“I mean, that’s just a fact. Whether it’s Bellevue or Renton or somewhere else that we haven’t thought of….. it’s highly likely an arena is going to be be built in the next three or four years” he said on the radio show.
Speaking about the economic impact that could be felt across the region if an arena is built in Bellevue instead of Seattle, Hansen pointed out, “If the arena’s built in another tax jurisdiction its true, you’re not putting up $200 million, but the general fund will receive a hit as Seattleites leave their city and go spend somewhere else.”
Chicago investor Don Levin and the city of Bellevue stand ready to benefit if Hansen’s Sodo arena plans are rejected by elected officials in Seattle and King County.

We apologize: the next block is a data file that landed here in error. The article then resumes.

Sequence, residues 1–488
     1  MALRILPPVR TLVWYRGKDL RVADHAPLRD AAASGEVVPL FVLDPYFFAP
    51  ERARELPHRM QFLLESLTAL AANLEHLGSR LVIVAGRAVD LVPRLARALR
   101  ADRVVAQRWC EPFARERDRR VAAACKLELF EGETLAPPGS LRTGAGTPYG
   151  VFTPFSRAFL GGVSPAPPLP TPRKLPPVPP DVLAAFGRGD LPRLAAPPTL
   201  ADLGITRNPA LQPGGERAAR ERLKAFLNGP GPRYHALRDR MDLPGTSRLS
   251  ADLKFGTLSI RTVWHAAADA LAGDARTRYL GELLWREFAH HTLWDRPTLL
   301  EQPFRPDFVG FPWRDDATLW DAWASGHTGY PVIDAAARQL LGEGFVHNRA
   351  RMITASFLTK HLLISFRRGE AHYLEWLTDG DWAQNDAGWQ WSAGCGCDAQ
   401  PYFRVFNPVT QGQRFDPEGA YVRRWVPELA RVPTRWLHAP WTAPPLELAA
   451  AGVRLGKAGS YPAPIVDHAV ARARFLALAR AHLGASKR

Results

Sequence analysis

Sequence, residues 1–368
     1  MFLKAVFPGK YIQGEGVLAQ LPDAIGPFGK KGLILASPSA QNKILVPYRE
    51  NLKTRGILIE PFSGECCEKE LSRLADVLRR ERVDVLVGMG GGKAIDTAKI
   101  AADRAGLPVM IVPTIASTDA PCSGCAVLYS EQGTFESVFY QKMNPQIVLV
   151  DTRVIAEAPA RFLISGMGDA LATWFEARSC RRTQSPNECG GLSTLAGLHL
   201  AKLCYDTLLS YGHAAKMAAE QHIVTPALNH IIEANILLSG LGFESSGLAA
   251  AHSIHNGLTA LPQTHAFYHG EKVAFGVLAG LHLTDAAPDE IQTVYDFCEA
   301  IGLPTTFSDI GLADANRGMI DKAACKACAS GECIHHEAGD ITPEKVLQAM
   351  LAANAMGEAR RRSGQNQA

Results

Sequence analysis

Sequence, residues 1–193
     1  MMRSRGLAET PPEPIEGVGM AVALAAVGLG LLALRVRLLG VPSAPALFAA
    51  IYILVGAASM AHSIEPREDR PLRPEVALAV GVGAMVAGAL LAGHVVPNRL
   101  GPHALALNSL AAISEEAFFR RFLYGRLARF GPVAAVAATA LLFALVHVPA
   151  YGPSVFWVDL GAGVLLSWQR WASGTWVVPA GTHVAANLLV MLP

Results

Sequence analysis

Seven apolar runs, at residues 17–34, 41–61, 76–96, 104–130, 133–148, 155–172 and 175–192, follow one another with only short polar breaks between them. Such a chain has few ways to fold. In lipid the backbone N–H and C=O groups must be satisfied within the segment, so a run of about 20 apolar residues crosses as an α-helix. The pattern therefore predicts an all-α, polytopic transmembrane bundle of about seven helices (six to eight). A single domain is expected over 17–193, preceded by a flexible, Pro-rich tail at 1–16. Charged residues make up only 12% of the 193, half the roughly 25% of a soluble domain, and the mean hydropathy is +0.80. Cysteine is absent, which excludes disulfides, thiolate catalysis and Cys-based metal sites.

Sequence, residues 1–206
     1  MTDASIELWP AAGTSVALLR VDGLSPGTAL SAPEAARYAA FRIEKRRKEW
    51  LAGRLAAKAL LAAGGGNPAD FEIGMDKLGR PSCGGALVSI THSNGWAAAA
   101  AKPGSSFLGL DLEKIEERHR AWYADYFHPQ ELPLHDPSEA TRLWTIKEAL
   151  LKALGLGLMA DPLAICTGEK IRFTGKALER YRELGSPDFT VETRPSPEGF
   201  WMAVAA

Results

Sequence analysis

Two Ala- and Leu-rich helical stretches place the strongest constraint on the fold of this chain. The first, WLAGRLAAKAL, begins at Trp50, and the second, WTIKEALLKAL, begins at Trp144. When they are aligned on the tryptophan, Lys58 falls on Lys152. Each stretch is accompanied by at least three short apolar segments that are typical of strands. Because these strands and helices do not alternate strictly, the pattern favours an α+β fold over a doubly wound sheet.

Levin is confident that he could get an arena deal completed in Bellevue and pointed out that city officials have been supportive of his new plans to build an arena on some unspecified parcel of land in Bellevue that is reportedly near the highway and close to a future lightrail station that could easily accommodate sports fans.
Levin said that unlike Hansen’s proposal in the Sodo district of Seattle, he does not need to secure a professional franchise before he breaks ground in Bellevue to build a new arena.
He remains committed to putting up 100 million dollars of his own money to help fund the arena.
“I would take that risk but keep in mind that I have a great relationship with the NHL that goes back many many years that give me a big leg up than anyone else that wants a team” he said.